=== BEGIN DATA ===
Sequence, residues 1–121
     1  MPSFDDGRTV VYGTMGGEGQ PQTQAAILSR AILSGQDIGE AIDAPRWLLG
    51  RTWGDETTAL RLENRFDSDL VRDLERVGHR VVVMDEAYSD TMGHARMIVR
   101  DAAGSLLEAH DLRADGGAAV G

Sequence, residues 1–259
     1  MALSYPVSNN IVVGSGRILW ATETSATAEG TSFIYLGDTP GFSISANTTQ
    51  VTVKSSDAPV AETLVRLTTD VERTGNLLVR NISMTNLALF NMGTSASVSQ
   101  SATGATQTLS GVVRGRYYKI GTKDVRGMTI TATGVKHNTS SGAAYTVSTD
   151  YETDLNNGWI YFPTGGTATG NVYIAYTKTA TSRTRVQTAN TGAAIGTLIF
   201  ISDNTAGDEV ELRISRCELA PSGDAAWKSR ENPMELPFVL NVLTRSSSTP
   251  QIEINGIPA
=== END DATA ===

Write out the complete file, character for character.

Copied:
Sequence, residues 1–121
     1  MPSFDDGRTV VYGTMGGEGQ PQTQAAILSR AILSGQDIGE AIDAPRWLLG
    51  RTWGDETTAL RLENRFDSDL VRDLERVGHR VVVMDEAYSD TMGHARMIVR
   101  DAAGSLLEAH DLRADGGAAV G

Sequence, residues 1–259
     1  MALSYPVSNN IVVGSGRILW ATETSATAEG TSFIYLGDTP GFSISANTTQ
    51  VTVKSSDAPV AETLVRLTTD VERTGNLLVR NISMTNLALF NMGTSASVSQ
   101  SATGATQTLS GVVRGRYYKI GTKDVRGMTI TATGVKHNTS SGAAYTVSTD
   151  YETDLNNGWI YFPTGGTATG NVYIAYTKTA TSRTRVQTAN TGAAIGTLIF
   201  ISDNTAGDEV ELRISRCELA PSGDAAWKSR ENPMELPFVL NVLTRSSSTP
   251  QIEINGIPA